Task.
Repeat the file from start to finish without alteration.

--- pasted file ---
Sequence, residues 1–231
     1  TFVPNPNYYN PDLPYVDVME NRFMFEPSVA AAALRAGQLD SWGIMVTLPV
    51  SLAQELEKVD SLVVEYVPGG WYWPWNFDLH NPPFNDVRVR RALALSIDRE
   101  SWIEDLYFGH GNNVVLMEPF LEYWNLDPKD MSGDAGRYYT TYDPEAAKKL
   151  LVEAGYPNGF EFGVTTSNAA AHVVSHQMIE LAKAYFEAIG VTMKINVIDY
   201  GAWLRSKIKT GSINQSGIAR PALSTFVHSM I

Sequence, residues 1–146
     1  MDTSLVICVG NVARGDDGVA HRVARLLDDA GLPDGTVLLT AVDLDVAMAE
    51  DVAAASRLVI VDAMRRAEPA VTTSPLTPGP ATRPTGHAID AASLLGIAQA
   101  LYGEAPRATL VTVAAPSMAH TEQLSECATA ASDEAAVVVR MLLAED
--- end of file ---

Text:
Sequence, residues 1–231
     1  TFVPNPNYYN PDLPYVDVME NRFMFEPSVA AAALRAGQLD SWGIMVTLPV
    51  SLAQELEKVD SLVVEYVPGG WYWPWNFDLH NPPFNDVRVR RALALSIDRE
   101  SWIEDLYFGH GNNVVLMEPF LEYWNLDPKD MSGDAGRYYT TYDPEAAKKL
   151  LVEAGYPNGF EFGVTTSNAA AHVVSHQMIE LAKAYFEAIG VTMKINVIDY
   201  GAWLRSKIKT GSINQSGIAR PALSTFVHSM I

Sequence, residues 1–146
     1  MDTSLVICVG NVARGDDGVA HRVARLLDDA GLPDGTVLLT AVDLDVAMAE
    51  DVAAASRLVI VDAMRRAEPA VTTSPLTPGP ATRPTGHAID AASLLGIAQA
   101  LYGEAPRATL VTVAAPSMAH TEQLSECATA ASDEAAVVVR MLLAED